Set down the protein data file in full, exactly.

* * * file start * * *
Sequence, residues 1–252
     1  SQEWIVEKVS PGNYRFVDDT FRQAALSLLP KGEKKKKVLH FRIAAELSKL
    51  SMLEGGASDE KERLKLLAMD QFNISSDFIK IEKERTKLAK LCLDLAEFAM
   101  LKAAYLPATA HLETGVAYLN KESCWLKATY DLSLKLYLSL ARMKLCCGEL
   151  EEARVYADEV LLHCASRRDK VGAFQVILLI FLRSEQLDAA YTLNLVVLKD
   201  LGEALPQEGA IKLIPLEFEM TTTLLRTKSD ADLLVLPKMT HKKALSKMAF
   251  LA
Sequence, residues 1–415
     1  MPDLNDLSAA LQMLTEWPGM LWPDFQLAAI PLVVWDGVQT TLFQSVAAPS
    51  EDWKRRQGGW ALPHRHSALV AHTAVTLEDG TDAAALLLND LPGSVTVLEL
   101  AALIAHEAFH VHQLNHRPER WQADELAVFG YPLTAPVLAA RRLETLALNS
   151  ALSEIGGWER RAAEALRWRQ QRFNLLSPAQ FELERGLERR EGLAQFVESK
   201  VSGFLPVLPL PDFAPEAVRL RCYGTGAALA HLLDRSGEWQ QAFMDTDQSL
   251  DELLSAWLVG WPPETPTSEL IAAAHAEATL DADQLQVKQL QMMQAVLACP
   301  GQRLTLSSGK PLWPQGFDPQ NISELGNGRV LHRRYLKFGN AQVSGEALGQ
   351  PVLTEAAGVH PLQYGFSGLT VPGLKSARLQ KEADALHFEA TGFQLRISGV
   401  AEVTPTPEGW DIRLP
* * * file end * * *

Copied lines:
Sequence, residues 1–252
     1  SQEWIVEKVS PGNYRFVDDT FRQAALSLLP KGEKKKKVLH FRIAAELSKL
    51  SMLEGGASDE KERLKLLAMD QFNISSDFIK IEKERTKLAK LCLDLAEFAM
   101  LKAAYLPATA HLETGVAYLN KESCWLKATY DLSLKLYLSL ARMKLCCGEL
   151  EEARVYADEV LLHCASRRDK VGAFQVILLI FLRSEQLDAA YTLNLVVLKD
   201  LGEALPQEGA IKLIPLEFEM TTTLLRTKSD ADLLVLPKMT HKKALSKMAF
   251  LA
Sequence, residues 1–415
     1  MPDLNDLSAA LQMLTEWPGM LWPDFQLAAI PLVVWDGVQT TLFQSVAAPS
    51  EDWKRRQGGW ALPHRHSALV AHTAVTLEDG TDAAALLLND LPGSVTVLEL
   101  AALIAHEAFH VHQLNHRPER WQADELAVFG YPLTAPVLAA RRLETLALNS
   151  ALSEIGGWER RAAEALRWRQ QRFNLLSPAQ FELERGLERR EGLAQFVESK
   201  VSGFLPVLPL PDFAPEAVRL RCYGTGAALA HLLDRSGEWQ QAFMDTDQSL
   251  DELLSAWLVG WPPETPTSEL IAAAHAEATL DADQLQVKQL QMMQAVLACP
   301  GQRLTLSSGK PLWPQGFDPQ NISELGNGRV LHRRYLKFGN AQVSGEALGQ
   351  PVLTEAAGVH PLQYGFSGLT VPGLKSARLQ KEADALHFEA TGFQLRISGV
   401  AEVTPTPEGW DIRLP